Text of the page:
The BRW article back in 1998, which struck me, looked at five companies, including McDonald’s and Citibank. Back then, these companies yielded disproportionate numbers of leaders, and these leaders would go on to become CEOs in various companies.
What was the secret sauce?
(I’m trying to link a pun to McDonald’s here!)
Systems. These companies had excellent systems and training to reinforce the use of these systems. For McDonald’s, where else could you motivate and equip a 19-year-old to be in charge of a multi-million dollar business? One of my fellow students in my Bachelors had been a McDonald’s manager during our studies. She emerged from her degree with serious business management experience, and I emerged with student debt and a tiny fraction of her enormous leadership experience. The system she underwent strengthened her.
Systems are your all-terrain vehicle, sitting there waiting for you to take you to your destination when everyone else is on foot.
Years later, I am in a bookstore reading various business books. I started to read one book about McDonald’s systems. An older man is reading books next to me, then suddenly stops, closes his book and looks at me. He goes: “Sorry to bother you, but what business do you think McDonald’s is in?”
“Err, the hamburger business?”
“No. Real estate.”
It turns out this guy was a business professor, and we had a good long chat. McDonald’s systems didn’t only apply to leadership or franchise models. Their systematic thinking led them to buy undervalued real estate and turn it into a cash machine.
Over time, thinking of the world as a system became a valuable ethos for me. I became interested in ecosystems such as permaculture. This ethos meant that if I could build useful systems, I could write my own ticket.
Inherit and fix messes. For example, when leading a small team of analysts, we desperately needed a system that performed a valuable accounting function. This function was done by hand, and the IT team was way too busy to help us. It was time for me to step well outside my comfort zone and build this thing by myself. So that’s exactly what I did. I gained an intimate understanding of the data layer of my system. Afterwards, I taught myself how to build the user interface and database tables linked in the background.
Go small to go big. During my career, I took pains to gain cross-functional and multi-sector experience, giving me a well-rounded business perspective. My intentional decision to gain a hodge-podge of business experience was in itself a system, and this system was evident when applying for the next position.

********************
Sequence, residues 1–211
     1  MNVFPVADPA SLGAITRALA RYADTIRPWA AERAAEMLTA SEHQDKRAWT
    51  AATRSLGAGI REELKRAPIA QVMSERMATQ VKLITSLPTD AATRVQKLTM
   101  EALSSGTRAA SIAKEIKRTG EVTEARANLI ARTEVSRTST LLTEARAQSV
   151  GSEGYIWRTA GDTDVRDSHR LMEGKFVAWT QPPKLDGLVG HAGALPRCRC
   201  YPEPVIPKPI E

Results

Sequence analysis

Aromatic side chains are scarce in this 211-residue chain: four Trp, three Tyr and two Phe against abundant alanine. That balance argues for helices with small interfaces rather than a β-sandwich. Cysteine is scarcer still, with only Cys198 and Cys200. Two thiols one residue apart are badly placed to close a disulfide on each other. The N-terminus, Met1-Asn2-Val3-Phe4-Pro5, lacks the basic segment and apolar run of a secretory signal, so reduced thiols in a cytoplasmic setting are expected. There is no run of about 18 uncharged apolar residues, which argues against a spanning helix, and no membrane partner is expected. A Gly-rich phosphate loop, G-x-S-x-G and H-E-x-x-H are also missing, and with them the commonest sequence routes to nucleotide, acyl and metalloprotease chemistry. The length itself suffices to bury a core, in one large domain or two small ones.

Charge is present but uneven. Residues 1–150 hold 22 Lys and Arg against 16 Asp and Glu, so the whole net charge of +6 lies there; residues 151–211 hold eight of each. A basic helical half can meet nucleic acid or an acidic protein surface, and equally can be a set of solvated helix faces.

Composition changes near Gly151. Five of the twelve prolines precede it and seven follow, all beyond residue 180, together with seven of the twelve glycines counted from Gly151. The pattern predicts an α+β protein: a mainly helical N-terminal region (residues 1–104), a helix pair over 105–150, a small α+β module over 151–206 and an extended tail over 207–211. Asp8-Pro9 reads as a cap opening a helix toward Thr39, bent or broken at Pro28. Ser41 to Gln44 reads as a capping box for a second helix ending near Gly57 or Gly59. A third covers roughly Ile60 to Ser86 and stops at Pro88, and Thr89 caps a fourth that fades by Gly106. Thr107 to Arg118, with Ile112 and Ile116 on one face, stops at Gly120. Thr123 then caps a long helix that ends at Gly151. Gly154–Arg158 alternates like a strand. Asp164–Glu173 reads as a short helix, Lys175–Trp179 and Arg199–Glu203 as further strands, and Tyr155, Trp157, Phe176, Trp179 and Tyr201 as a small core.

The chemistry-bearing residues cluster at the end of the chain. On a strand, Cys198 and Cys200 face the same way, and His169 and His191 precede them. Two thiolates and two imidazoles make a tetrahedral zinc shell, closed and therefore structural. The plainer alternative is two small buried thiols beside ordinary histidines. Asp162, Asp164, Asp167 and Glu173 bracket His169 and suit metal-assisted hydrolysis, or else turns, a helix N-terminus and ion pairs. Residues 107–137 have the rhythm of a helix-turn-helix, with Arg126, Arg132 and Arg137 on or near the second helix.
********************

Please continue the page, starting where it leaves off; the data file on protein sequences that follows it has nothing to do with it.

Gaining trans-disciplinary experience was equally as important. I moved from my career as an analyst, going back in pay to become an IT trainer. While an IT trainer role needs a bit of a techie orientation, I never thought I would need my analytical skills ever again. Completely wrong. When the change management field became a clearly emerging profession, I didn’t immediately see how my collective skills fit. At the time, I thought you needed an HR background to become a change manager. It turned out that analytics and training were unique yet complementary disciplines to change management.
I took this a step further and strengthened my own organisational change management “system”. In looking for the best ideas from advertising, psychology and management consulting, it dawned on me. Systems need to be anti-fragile, and in creating anti-fragile systems, it is worth adopting what works elsewhere.
Take a leap. It definitely gets stronger from taking on challenges well outside your comfort zone. Stepping up when a leader leaves and taking over their role in a harsh, exacting environment. Or jumping into a new industry, taking your existing skillset but absorbing new ways of doing business. Designing a side-hustle. Volunteering to present to your professional peers. Writing a book. Stepping away from a comfortable, lucrative environment to keep learning and growing.
Systems tend to atrophy when comfortable, and growth (or hypertrophy) happens when your “system” is soundly tested. Like growing in physical strength, pushing yourself to the point of muscular failure (or weakness) is paradoxical. By pushing yourself to the point of weakness, you become stronger after a brief time to rest and reflect.
Know who you are. One of the first articles I wrote provided you with a range of inexpensive online tools. These tools are valuable despite being free or low-cost, and each helps you understand your personality traits and personal strengths.
In D.A. Benton’s book, “How to think like a CEO: The 22 vital traits you need to be the person at the top”, the 22 vital traits are indeed systems of their own. There is one idea that stuck with me.
The idea is that you may either be an entrepreneurial manager… or a professional manager. Know which one you are, then build your systems around this persona. Your system is your experience, the way you show up to the world.
Here is a profile of the “professional manager”:
The professional manager is to be an executor of well thought out plans. His purposeful. Deliberate. And most important, he knows to work within hierarchies despite the excess time it consumes. The professional frequently calculates risk against his employment contract. Power is very important. Big professionally managed companies often aren’t as focused on results as rhetorical suggests. They are more focused on power.
- D.A. Benton
In contrast, the “entrepreneurial manager”:
Entrepreneurs are not made, they are born. You can’t take “Entrepreneur 101”. They are a sum total of their life experiences from childhood on… Entrepreneurs have a fire in the belly. A company started by an entrepreneur often turns to a professional manager once the ship has been built. The entrepreneur gets to (and often has to) rely on himself in his own judgement.
- D.A. Benton
Susan Oh is a brilliant example of the entrepreneurial manager — here is her inspiring TedX talk:
So… who are you? Once you know the answer, what systems can you build to become stronger?